It’s Not That Easy Being Mean

This is a man yelling through a megaphone at another man.An impatient commuter shoves us out of the way to get onto the subway train. The bullying boss enjoys berating us in front of colleagues.

We routinely deal with people who seem socially reckless, quick to retaliate at any perceived slight, and unremorseful if not downright sadistic.  And some of us ourselves can spew misery on our colleagues, friends, and family members.

In truth, though, the modern mantra “mean people suck” fails to capture many underlying drivers of aggression, cruelty, and hostility — traits that often fire up rampant conflict in the workplace. Recent work in social neuroscience indicates that the brains of hotheaded people seem to work extra hard to control their outbursts, but for some reason fail.

However, additional studies are also revealing some strategies that can improve an individual’s ability to operate with more amity.

According to recent research, an individual’s self-control capacity can be improved in two ways — through practice and by consuming glucose. In an article to appear in the January 2014 issue of the Observer, the magazine of the Association for Psychological Science, Australian researcher Thomas Denson describe his experiments on the effects of consuming glucose and practicing self-control. In the glucose experiments, participants first completed a measure of their aggressive tendencies and consumed 40–50 grams of sugar in a drink or a placebo. All participants were told they were to consume a sugar drink, and the experimenter was blind to condition. They were then insulted by another (bogus) participant who told them interacting with them had been a waste of time. Participants were subsequently given the opportunity to retaliate by blasting the provocateur with blasts of white noise. Subjects who tested low in aggressive traits selected relatively innocuous levels of noise blasts, regardless of whether they had consumed glucose or not. However, among participants high in aggressive traits, those who consumed glucose selected quieter noise blasts than participants who consumed the placebo.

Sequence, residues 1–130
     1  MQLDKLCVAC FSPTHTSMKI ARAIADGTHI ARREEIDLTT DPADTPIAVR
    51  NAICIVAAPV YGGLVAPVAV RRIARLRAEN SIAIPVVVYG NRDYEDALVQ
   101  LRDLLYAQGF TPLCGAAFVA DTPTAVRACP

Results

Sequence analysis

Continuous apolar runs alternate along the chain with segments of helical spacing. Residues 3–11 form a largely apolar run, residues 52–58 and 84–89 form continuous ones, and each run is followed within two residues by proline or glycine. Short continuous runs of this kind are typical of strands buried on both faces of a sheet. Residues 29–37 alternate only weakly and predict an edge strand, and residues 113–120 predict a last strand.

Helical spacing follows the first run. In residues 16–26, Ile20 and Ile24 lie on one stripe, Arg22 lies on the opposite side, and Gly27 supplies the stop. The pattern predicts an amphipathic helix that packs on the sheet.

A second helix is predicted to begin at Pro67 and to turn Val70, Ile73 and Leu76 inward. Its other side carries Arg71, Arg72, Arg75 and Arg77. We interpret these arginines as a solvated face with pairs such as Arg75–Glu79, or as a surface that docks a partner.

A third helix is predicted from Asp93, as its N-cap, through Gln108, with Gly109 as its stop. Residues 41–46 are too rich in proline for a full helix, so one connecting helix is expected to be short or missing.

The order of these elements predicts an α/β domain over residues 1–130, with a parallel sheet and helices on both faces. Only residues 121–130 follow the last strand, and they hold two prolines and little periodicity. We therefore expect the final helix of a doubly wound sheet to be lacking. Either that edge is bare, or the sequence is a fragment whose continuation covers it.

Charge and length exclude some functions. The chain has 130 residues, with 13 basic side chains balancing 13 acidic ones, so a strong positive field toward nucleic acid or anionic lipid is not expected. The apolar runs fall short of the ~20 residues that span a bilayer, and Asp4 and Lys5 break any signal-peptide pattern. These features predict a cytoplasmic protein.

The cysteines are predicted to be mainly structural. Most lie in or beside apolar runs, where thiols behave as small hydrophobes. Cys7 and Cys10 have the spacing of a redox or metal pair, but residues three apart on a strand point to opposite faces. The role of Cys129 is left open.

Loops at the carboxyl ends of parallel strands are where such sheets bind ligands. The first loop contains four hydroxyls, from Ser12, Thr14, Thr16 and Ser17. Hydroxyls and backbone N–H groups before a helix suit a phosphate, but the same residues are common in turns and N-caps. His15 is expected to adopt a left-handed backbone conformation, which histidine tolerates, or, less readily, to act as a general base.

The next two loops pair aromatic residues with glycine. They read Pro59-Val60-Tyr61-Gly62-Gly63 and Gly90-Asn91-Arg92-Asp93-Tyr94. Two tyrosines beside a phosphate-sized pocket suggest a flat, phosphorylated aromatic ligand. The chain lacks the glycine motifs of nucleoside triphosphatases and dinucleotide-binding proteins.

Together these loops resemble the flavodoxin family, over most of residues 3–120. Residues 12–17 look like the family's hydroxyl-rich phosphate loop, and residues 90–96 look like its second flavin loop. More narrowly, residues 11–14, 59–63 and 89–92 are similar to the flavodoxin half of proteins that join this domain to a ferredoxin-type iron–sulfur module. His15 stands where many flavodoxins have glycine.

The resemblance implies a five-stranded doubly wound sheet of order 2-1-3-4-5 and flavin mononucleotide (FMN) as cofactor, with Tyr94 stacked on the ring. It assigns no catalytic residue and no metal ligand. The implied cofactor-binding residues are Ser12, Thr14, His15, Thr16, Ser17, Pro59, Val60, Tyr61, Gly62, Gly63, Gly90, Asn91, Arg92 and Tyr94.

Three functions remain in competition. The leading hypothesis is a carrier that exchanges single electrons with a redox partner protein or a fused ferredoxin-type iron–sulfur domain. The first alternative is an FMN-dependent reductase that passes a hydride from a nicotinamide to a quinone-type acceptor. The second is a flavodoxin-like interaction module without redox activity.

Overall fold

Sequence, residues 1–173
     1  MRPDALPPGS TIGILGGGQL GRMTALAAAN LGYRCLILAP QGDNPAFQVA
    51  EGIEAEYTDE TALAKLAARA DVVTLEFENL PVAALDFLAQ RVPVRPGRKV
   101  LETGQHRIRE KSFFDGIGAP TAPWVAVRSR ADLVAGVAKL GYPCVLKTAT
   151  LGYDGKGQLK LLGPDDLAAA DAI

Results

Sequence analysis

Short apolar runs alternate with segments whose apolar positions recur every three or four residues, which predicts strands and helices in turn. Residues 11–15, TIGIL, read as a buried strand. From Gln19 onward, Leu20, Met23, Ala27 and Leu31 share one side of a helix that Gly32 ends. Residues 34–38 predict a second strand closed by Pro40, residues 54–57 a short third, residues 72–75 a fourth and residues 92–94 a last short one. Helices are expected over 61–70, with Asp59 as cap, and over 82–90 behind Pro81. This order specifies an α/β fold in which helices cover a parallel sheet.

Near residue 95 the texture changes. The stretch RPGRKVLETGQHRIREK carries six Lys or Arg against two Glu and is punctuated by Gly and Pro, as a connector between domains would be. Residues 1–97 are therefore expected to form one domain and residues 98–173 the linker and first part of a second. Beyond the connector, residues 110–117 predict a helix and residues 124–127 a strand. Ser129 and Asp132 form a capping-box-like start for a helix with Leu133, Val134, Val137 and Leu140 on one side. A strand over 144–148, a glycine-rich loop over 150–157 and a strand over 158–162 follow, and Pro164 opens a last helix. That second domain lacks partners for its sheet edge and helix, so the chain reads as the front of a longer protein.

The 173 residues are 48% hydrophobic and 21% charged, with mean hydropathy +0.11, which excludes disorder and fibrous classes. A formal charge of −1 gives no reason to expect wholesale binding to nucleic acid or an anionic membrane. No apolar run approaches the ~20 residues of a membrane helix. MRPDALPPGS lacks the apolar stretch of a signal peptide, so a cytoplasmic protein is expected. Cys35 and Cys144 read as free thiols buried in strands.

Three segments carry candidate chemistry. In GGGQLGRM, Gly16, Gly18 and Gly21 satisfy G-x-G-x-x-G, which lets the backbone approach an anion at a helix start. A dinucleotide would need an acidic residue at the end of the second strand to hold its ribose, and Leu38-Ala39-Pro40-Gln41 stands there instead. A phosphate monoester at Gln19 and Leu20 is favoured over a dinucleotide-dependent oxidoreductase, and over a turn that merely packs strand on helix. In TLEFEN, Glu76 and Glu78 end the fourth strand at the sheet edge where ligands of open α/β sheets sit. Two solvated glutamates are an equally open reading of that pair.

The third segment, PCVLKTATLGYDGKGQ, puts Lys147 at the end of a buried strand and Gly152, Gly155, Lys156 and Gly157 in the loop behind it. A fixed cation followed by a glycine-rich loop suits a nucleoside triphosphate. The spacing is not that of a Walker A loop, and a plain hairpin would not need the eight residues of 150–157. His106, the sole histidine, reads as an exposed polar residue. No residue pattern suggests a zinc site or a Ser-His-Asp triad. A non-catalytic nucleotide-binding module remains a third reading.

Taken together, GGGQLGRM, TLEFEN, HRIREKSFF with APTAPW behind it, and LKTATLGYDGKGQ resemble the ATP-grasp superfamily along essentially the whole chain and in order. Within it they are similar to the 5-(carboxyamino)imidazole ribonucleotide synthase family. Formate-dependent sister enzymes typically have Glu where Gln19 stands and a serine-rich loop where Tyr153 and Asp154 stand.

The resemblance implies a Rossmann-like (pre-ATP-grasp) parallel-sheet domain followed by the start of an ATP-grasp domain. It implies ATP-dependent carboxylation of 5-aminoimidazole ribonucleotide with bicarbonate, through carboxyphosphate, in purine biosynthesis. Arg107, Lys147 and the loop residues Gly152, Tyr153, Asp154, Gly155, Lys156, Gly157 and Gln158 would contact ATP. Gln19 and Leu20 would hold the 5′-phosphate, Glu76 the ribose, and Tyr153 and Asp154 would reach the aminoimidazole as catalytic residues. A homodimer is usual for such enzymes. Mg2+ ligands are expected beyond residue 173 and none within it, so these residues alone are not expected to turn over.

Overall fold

In the self-control training experiment, half of the participants practiced self-control for two weeks by completing everyday tasks, such as using a computer mouse, with their non-dominant hand. The other volunteers completed simple math problems. At the end of the two weeks, the participants returned to the laboratory, were provoked, and completed the noise blast task. Results were identical to the glucose experiments. That is, people who showed aggressive traits significantly lowered belligerent behavior after self-control training compared with the control group.

Further research could lead to novel strategies to treat people with anger control difficulties, antisocial behaviors, and other reactive problems, Denson says. But thus far, evidence points to a certain amount of practice, and a spoonful of sugar, as a peacemaker.

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